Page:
Blue Screen of Death issues are usually caused by two things: Bad memory, or corrupted kernel processes.
Keep in mind that most OS's (including Windows) operate in two modes. User Mode has all the user-level programs running, which include the desktop, any apps, and drivers for USB devices. Kernel Mode is all the operating system processes, things that are running in protected memory.
When a User Mode process crashes, the OS simply stops it and pops up a "Sorry, had to shut down MisBehavingProgram.exe". However, sometimes, if a memory chip fails or if a program is written badly and doesn't release memory it no longer needs, you'll get situations where something will try and grab protected memory. At that point, the OS blows the whistle, and EVERYTHING comes to a halt. This is when you see the blue screen.
If your OS is configured to "Halt" when this happens, that screen will stay up until an operator comes along and reboots the machine. However, many are configured to "Restart", which doesn't give anyone the opportunity to see what went wrong.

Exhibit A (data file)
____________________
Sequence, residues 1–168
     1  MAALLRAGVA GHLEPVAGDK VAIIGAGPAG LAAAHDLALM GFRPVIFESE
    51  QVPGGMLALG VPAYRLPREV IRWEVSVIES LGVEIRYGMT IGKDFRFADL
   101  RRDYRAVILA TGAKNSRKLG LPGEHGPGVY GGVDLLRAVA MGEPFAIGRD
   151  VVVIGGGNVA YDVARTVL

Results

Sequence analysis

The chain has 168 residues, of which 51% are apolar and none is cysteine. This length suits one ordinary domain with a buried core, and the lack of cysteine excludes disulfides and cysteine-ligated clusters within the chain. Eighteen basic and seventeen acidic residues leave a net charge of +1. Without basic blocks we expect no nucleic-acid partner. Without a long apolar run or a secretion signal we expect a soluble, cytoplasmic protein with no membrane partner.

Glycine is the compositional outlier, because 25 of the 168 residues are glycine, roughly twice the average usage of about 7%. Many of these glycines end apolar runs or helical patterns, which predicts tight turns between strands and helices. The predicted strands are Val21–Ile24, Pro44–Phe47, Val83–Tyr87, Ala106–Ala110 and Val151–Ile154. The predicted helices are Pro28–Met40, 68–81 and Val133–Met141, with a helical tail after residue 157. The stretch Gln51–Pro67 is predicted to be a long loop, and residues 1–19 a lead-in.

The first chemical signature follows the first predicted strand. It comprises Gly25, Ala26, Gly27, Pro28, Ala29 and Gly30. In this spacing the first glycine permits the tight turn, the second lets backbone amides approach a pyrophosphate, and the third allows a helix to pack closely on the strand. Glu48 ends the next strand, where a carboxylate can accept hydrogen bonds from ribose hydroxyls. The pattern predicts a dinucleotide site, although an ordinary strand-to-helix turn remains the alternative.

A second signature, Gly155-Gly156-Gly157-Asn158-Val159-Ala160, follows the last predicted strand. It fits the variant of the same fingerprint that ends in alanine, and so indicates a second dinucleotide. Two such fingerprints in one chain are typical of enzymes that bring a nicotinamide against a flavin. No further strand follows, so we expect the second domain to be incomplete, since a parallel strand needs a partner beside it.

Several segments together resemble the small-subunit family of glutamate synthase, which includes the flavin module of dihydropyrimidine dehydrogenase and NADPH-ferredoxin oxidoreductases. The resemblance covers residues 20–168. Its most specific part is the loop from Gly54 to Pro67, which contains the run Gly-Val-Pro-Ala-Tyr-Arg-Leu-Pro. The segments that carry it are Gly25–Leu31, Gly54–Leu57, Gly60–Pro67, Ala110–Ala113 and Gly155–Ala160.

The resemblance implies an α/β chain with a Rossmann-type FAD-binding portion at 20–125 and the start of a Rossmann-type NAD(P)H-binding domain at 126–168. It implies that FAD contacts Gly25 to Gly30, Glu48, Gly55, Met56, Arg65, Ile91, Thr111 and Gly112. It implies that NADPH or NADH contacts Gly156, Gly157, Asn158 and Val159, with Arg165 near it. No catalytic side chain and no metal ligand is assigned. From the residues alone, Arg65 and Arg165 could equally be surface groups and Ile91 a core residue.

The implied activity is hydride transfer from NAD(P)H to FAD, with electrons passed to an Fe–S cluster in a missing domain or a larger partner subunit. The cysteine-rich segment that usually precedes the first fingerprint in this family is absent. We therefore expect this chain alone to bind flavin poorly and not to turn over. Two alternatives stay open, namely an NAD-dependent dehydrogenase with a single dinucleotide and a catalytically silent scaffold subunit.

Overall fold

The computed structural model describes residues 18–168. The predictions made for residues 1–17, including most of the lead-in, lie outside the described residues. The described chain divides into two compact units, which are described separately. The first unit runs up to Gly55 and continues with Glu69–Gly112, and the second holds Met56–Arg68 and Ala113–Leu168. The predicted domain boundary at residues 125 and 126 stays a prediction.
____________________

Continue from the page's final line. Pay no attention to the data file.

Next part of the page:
At this point, I would recommend going into the BIOS (F2) and setting it as "Fast Boot OFF". This disables the DELL splash screen, and instead enumerates memory and drivers as it boots. Then, when you reboot, watch the memory counter as the memory is tested. If it doesn't display the amount of RAM you have installed, then you've a bad memory DIMM and that's likely the cause.
Also, as the system reboots, you'll have more opportunities to invoke F8 (Safe Mode) once the system tests and initial device driver load are complete.